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Raising a Reader.

29 June 2012
From Reader’s Digest:
How To Raise Kids Who are Good Readers
1. Good readers start out ahead. Reading scores in first grade are a key indicator of school success in 11th grade. Meaning that what happens in the very early years has a lasting effect on learning. So try these tips with young children:
  • The more you read, talk and sing to babies, the greater their foundation for vocabulary and understanding. The youngest ones are amazingly receptive to language.
  • Toddlers will sit still to interact with books if you pique their interest with questions like “Who’s that?” and “What else do you see?”
  • Preschool is the time for children to begin to learn the alphabet, and to become aware of the sounds that make up words — a crucial skill for reading known as phonemic awareness. They don’t call it that, but Victoria and her mom practice phonemic awareness whenever they’re reading her favorite rhyming books. They clap out the syllables in names (“Vic-tor-i-a”) or play word games, such as “I’m thinking of a word that starts with the letter E.”
  • Young school-age kids need lots of practice reading to and with their parents. Try echo reading to build fluency: You read a passage and then let your child read one. Call your child’s attention to punctuation and interesting words as
    you read.

2. Good readers have better vocabularies. Think about the conversations you’ve had with your child today. There’s a good chance that — because of the hectic lives parents lead — most of the words you used were simple, immediate and directive. For example, “It’s time to go now!” Especially on our busiest days, it’s easy for parents to forget that kids look to us for varied and rich conversations. One study showed that when teachers used more complex speech, very young children learned to create more complex sentences themselves. From third grade on, kids need to learn about 3,000 new words a year — that’s eight new words a day. And it takes at least four exposures to make a word their own. To enrich your child’s word power, try these ideas:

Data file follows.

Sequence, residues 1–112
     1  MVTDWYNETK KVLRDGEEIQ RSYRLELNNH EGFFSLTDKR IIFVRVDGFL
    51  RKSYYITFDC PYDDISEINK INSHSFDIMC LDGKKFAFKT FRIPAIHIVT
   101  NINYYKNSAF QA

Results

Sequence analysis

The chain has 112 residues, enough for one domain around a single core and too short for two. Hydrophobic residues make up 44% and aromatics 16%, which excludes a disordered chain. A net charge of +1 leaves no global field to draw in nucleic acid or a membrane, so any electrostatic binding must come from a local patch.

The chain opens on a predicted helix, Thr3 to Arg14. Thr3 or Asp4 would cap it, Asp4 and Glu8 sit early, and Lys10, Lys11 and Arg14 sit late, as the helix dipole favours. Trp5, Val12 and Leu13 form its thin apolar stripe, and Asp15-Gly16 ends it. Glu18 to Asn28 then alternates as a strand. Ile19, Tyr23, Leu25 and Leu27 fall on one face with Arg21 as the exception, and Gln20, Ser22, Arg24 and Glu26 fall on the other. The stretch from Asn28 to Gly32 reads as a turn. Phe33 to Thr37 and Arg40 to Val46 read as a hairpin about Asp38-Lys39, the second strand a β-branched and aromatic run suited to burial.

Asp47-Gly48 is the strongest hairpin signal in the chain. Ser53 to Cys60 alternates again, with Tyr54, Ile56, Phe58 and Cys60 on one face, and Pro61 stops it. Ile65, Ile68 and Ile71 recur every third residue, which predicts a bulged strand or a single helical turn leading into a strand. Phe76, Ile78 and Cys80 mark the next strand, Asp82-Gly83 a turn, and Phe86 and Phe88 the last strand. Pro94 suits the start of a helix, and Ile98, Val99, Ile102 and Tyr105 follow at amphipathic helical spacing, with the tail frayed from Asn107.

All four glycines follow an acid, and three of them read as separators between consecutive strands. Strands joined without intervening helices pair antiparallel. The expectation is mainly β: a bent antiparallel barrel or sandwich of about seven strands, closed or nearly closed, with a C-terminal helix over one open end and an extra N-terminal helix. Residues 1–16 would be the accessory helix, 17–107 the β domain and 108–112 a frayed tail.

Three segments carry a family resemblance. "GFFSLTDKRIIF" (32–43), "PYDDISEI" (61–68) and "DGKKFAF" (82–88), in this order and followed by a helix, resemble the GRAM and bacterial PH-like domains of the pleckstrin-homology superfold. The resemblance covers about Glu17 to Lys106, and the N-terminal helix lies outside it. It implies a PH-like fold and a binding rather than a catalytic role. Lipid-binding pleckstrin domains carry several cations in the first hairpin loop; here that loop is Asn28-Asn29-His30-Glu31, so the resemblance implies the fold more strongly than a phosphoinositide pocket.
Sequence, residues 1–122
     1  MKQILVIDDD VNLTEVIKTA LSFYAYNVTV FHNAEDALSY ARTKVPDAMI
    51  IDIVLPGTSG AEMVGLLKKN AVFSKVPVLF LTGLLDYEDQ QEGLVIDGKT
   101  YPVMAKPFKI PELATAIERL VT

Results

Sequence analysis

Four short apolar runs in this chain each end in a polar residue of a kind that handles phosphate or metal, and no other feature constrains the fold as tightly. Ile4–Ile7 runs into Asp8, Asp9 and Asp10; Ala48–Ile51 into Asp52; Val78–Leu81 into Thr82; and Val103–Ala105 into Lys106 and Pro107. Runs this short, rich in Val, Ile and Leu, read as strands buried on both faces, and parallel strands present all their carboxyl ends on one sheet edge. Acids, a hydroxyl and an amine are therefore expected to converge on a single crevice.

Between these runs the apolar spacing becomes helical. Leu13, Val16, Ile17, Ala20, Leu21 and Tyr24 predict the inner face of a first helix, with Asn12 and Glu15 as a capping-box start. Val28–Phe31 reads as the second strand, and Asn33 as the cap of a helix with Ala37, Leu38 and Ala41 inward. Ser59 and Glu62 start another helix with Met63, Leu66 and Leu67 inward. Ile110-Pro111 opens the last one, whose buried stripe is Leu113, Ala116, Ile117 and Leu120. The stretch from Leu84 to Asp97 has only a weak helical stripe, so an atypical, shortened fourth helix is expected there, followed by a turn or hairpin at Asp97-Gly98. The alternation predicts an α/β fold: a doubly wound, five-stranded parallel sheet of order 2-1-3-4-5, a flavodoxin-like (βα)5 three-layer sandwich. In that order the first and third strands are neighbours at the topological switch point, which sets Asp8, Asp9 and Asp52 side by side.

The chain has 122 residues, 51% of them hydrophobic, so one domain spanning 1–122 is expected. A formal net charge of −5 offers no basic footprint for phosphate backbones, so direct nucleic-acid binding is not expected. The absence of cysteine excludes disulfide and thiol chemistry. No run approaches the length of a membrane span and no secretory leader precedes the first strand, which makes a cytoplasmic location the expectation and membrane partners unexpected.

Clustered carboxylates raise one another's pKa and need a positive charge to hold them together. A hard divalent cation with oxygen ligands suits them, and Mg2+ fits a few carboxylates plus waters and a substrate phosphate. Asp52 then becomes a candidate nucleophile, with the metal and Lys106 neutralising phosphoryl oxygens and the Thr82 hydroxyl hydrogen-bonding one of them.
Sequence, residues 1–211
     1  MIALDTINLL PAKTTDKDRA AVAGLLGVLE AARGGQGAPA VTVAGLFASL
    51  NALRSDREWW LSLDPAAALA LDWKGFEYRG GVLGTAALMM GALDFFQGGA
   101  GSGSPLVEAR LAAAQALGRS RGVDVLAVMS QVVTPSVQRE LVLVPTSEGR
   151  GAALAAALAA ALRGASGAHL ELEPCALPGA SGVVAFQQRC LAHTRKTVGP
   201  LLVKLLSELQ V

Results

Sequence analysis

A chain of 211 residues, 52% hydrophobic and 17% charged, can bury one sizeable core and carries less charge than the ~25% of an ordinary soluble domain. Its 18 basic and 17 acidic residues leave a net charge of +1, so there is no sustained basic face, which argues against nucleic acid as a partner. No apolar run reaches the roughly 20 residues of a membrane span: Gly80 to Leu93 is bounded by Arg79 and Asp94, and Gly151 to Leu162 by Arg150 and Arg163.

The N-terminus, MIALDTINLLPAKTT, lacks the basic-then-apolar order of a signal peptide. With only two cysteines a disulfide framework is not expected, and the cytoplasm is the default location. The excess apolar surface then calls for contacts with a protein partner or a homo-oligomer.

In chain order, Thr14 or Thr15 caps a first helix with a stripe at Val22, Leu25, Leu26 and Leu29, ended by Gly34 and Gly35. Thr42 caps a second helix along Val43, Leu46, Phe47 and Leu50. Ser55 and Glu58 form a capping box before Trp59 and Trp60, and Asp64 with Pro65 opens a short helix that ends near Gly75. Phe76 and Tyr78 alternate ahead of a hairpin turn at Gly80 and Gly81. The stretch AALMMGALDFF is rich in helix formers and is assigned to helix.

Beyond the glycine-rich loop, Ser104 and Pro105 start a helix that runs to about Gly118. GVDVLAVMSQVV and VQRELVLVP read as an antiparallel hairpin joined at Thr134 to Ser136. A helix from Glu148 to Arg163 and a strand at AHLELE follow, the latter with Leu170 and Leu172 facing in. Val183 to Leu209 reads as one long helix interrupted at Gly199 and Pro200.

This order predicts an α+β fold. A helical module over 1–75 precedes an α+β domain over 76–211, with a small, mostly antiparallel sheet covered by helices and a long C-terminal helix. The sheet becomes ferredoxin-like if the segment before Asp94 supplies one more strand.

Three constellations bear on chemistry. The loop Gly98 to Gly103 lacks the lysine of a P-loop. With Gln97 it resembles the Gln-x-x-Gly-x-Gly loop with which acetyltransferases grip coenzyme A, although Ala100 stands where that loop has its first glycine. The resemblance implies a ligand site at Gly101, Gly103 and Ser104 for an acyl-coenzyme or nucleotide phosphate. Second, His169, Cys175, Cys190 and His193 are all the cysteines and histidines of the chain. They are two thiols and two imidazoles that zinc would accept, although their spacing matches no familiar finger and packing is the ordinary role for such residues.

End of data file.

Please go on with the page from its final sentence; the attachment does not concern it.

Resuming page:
• Tell stories about the past, present and future. At dinnertime, relate a story about your childhood or ask about an upcoming school event.
  • Encourage play. According to child development expert Sue Bredekamp, it’s a crucial way for children to hone their language skills and give voice to their ideas.
  • Read a variety of books — picture books, stories with rhymes, science or history books that convey cool new information. And engage your child in extended conversations about what you read together.
To read the entire article:

Books in General

16 Comments to “Raising a Reader.”

  1. I won’t say anything against these methods; I’m sure they work – but my parents “encouraged” me to read by not owning a television or any video game system past the Atari 2600 and using bookshelves in lieu of wallpaper.

    • My dad has always said, the best thing you can do for a child is read to him or her. He read to us from the time we were born and I was reading on my own by the age of 2. I’ve done the same with my own kids.
      I would venture to say books are our most valuable possessions – ours, in our house… oodles of them.

  2. The author forgot one key point. LET THE KID SEE YOU READ!!! If you spend hours reading your kids Cat in the Hat – and then go sit down and watch a hockey game – the only message the kid is going to get is – “Gee, reading must be something just for kids. Can’t wait until I grow up and don’t have to anymore.”

    In the words of Plato – “Would it help you to pick up a book now and then, you moron?”

  3. I’m all for helping kids to learn reading, and there is certainly nothing wrong with starting them as early as possible. So these are good overall, and more tips could be added.

    But I do wonder about the following statement:

    Reading scores in first grade are a key indicator of school success in 11th grade.

    Are there studies to back that up? I mean, I didn’t learn to read until my second 3rd grade year, and didn’t get interested in reading until 5th grade. And yet I graduated in the top 10% of my class in high school. And reading certainly wasn’t emphasized in my family growing up.

    I’ve also read in places that starting kids early doesn’t tend to give them much of a head start as people tend to think. And the pressure to learn as early as possible can actually backfire. So a more “organic” experience would be great, but not sure it is the end of the world if our kids don’t really start becoming interested until later.